One of the many problems that need to be resolved is the GAL able to diagnose a child? Of course, in the case mentioned, two issues are in play. First, the guardian ad litem hadn’t met the child to diagnose any perceived problem. The second issue is, even if she had met the child, is it within a GAL’s ability and/or job description to make such a diagnosis?
Another problem as we see it, is that no matter how badly a case is handled, not in the results produced or custody determined but in procedures followed or lack thereof, the guardian ad litem has immunity. In several cases we have read about the court of appeals reviewed the cases and noted that immunity only applies if the guardian ad litem is acting within the scope of her duties. If a guardian ad litem is exceeding the scope of those duties then immunity does not protect the guardian ad litem. Those rulings are very rare but we do not understand why they should be.
The removal of a guardian ad litem, as in the case listed above, was attempted but the judge refused to do so even with another letter written on behalf of the mother. We believe that switching GAL’s should work in the same way as obtaining a different attorney. If your guardian ad litem is deficient in his or her duties or if you have a complete disagreement in all aspects of what both of you see as an agreeable situation for custody or visitation, allow a change in the guardian ad litem.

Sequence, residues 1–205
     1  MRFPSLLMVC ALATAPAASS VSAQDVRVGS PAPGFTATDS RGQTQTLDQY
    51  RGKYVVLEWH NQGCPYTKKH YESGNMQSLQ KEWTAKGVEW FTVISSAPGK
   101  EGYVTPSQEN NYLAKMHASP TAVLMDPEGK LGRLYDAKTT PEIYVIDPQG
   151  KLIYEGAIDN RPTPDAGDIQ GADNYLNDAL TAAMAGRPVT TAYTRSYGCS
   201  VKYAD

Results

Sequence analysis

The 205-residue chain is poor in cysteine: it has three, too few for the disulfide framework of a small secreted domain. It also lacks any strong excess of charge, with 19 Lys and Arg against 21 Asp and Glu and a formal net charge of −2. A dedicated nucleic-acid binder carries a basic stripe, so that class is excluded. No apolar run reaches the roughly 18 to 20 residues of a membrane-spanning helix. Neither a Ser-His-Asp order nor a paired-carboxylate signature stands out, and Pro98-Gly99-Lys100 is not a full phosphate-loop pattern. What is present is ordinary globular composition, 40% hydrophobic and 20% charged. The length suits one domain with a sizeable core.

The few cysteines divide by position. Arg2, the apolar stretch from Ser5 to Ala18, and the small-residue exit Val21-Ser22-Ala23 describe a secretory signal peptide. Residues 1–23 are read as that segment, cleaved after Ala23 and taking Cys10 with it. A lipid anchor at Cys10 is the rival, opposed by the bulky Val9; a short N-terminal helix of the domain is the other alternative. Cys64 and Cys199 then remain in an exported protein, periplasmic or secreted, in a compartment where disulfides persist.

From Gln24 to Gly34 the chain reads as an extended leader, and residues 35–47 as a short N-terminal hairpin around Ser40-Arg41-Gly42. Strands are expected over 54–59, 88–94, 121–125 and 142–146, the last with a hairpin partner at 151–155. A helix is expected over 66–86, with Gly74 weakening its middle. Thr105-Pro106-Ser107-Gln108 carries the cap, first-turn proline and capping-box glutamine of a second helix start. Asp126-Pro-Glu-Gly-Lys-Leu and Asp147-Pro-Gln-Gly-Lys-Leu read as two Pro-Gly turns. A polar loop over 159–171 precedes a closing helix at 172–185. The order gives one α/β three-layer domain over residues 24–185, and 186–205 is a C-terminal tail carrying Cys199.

Mandate detailed billing that is updated and available to you, the client, on a monthly basis. Having a bill loaded with vague phrasing as in ‘sent an email’ or ‘wrote a letter’ tells you nothing. We would never accept that from a doctor, a lawyer or a plumber, why should it be acceptable from a GAL?
Potential changes on oversight:
• Move the Office of the Guardian ad Litem to the executive branch,and place it in an existing department. Or
• Move the Office of the Guardian ad Litem to the executive branch and make it an independent executive branch agency that reports to an appointed oversight board Or
• Move the Office of the Guardian ad Litem to the executive branch and make it part of the Attorney General’s Office. Or
• Leave the Office of the Guardian ad Litem in the judicial branch but have it report to a board appointed by the Judicial Council. Oversight by this new board could at least partially resolve the ethical conflict of having the Judicial Council supervise the GAL.
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